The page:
Twenty-One Silent Stages: A Ballad

Angel Nevarez and Valerie Tevere

In Residence: Jan 25 – Mar 27, 2021

Exhibition: Mar 25 – May 16, 2021

The multifold practice of Brooklyn-based interdisciplinary artists Angel Nevarez and Valerie Tevere spans two decades of projects that actuate music and sound, radio, dissent, and the cultural complexities of the public sphere. The artists have produced works in video installation, lyric writing, performance, and photography. Their research interests lie in the intersections of music, civic action, and historical moments that resonate through distinct musical instrumentation, sonorous traditions, and social forms.

The duo’s Artpace project, entitled Twenty-One Silent Stages: A Ballad, responds to the life-changing events brought about by this generation’s pandemic in ways that envision silence, emptiness, and voids in cultural and social spaces. The artists’ work has often involved collaborations with musicians, radio practitioners, and city agencies. Yet, due to the pandemic, Nevarez and Tevere have contemplated a restructuring of their practice and have spent time in San Antonio reflecting on such transitions and new possibilities.

On view in the gallery are a series of photographs and a prominently placed stage. The artists photographed the empty and silent stages of 20 San Antonio music venues, performance spaces, and theaters that went dark during 2020 and 2021. The venues include The Bang Bang Bar, Carver Community Cultural Center, Cowboys Dancehall, Esperanza Center for Peace and Justice, The Lonesome Rose, Mission Marquee Plaza, and Paper Tiger, among other local favorites, some of which may close permanently as a result of substantial financial losses.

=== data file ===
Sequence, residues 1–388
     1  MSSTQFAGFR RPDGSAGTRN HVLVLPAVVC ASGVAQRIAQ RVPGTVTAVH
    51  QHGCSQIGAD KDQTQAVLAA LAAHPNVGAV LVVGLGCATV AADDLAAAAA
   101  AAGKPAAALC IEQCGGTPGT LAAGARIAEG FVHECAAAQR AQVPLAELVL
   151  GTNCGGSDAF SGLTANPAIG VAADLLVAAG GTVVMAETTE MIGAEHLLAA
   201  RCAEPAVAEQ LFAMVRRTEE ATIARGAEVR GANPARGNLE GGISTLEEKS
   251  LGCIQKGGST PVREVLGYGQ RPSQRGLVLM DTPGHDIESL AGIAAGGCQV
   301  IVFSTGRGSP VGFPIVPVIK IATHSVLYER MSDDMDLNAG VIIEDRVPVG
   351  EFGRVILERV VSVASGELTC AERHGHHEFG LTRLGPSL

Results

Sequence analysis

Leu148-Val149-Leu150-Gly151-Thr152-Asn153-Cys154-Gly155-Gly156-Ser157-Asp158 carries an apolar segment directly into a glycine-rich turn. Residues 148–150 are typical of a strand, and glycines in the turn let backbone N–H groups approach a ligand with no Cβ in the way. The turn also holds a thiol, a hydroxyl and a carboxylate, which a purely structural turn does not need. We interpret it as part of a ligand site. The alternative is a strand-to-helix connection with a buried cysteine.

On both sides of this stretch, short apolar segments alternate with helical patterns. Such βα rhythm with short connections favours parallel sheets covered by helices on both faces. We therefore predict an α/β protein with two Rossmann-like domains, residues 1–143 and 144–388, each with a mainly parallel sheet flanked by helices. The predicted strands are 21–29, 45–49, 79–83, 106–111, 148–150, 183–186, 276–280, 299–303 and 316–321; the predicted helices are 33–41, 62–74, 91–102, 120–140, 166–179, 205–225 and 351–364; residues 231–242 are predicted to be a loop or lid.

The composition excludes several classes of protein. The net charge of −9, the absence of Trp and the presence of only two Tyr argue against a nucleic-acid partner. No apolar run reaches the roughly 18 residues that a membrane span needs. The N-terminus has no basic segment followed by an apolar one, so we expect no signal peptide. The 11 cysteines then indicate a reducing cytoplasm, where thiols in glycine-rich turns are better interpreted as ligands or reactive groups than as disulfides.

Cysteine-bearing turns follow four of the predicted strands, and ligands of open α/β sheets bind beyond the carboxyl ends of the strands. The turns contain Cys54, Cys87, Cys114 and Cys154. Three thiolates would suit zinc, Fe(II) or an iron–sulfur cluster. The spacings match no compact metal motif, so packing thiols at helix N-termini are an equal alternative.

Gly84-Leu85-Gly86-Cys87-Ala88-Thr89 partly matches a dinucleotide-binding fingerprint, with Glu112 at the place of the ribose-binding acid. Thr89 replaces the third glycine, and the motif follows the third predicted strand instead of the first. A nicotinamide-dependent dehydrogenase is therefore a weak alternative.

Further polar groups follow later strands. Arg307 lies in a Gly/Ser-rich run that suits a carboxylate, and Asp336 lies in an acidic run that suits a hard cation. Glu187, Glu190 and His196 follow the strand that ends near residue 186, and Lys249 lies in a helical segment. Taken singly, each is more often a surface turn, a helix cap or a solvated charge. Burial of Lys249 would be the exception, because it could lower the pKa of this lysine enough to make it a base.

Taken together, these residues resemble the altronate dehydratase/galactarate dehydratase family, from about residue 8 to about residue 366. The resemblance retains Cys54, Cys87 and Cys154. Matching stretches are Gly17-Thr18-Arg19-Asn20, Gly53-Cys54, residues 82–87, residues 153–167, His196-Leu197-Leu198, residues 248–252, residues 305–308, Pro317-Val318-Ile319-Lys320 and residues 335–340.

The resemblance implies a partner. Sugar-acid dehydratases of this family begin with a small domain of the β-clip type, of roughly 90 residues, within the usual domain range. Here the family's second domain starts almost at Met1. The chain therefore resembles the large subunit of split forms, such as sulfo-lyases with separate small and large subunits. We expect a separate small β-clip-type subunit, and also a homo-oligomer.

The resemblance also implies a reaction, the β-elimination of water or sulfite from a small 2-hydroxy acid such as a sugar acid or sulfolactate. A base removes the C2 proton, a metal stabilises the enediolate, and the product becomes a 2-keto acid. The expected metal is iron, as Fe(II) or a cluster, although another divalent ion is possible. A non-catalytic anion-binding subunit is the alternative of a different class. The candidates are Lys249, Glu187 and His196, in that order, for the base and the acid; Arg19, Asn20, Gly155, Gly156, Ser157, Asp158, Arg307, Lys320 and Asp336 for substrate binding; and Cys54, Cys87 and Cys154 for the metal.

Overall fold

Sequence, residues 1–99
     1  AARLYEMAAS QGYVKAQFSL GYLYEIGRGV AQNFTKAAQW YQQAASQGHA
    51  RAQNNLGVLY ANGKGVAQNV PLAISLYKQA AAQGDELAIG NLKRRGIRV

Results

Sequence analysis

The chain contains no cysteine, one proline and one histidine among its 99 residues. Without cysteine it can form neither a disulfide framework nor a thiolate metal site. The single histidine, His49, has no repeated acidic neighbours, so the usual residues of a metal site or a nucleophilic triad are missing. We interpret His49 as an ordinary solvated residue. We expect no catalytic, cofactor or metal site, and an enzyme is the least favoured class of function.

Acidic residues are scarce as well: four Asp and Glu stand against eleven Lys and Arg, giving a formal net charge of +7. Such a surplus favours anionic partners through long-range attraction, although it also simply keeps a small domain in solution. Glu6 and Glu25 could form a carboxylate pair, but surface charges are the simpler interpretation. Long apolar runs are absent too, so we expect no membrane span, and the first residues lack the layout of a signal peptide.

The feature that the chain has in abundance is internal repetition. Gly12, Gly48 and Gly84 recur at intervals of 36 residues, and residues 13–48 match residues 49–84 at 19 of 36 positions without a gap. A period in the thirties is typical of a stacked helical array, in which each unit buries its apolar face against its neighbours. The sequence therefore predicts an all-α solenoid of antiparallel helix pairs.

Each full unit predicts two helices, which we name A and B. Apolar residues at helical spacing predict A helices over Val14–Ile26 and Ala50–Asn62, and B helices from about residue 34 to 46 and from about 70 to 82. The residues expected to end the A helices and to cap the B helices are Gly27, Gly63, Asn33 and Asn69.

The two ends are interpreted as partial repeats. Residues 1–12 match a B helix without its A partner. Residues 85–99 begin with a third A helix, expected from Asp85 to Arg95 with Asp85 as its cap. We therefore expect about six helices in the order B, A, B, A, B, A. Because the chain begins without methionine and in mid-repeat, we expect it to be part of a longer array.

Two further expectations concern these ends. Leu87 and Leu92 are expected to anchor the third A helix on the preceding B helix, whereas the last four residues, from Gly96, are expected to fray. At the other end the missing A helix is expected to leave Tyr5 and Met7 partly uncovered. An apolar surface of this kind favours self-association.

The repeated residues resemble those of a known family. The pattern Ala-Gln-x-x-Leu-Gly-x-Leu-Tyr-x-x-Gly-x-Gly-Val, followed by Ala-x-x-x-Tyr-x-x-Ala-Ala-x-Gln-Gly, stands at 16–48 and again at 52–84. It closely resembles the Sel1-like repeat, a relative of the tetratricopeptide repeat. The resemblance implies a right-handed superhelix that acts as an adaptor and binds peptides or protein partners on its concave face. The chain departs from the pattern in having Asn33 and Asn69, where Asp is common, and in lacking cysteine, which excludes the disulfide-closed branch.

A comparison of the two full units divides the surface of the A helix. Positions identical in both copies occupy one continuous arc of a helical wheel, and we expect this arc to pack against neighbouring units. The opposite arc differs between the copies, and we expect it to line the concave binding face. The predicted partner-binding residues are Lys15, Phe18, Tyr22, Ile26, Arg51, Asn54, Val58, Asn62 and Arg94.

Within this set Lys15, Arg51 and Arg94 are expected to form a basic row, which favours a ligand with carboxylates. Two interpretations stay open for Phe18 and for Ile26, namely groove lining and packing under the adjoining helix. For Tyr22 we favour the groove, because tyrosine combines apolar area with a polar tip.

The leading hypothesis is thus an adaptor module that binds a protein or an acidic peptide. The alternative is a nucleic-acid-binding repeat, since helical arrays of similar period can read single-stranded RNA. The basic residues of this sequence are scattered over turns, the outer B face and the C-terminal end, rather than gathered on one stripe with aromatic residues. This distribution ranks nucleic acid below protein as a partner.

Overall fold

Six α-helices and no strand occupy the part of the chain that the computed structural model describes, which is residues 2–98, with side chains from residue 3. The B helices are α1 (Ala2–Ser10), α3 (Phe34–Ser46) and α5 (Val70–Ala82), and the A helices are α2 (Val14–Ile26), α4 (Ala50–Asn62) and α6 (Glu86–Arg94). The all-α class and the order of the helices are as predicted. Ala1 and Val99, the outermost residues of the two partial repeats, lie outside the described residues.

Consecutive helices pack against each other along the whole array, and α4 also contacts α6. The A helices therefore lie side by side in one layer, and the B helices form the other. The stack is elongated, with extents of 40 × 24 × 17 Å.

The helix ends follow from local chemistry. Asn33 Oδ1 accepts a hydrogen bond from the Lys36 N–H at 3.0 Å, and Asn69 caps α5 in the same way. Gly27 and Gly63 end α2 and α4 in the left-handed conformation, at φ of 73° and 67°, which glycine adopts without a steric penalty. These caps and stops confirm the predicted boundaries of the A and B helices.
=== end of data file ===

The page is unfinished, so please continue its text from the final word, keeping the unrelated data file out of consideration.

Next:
The circular stage constructed in the center of the gallery is much like the venues captured in the duo’s photographs—it is empty and silent. The stage-as-structure suggests the activation of bodies, voices, instruments, and props that once signified communal social experiences. The empty stages portrayed in the photo series do not merely query the effects of the pandemic on performance venues but also the entirety of their related institutions: the musicians, performers, stagehands, audio engineers, and office staff whose creative and financial livelihoods depend upon the activities and opportunities of performance.

For Artpace’s lobby, Nevarez and Tevere created and installed Side Effects, a neon sign with green, blue, and red alternating text reading “postponed,” “rescheduled,” and “canceled”— words that many artists were intimately familiar with in 2020 and continuing well beyond. While “rescheduled” and “canceled” illuminate and then disappear, the word “postponed,” lit up in reen, is legible whether illuminated or not, underscoring the residual effects of such postponements on the past, present, and future.

Twenty-One Silent Stages: A Ballad and Side Effects simultaneously mark the social, cultural, and economic impact of COVID-19 on both macro levels (cities) and micro levels (the artists’ practice). Viewers are invited to the gallery to encounter the reverberating silence and consider the very potential of empty stages, postponements, and cancelations, and what could be possible when people gather and performers take the stage once again.

The artists would like to thank Gary Nichols of Hare and Hound Press, Ray Lynch of Affordable Neon, and the Artpace team for their work which made this exhibition possible.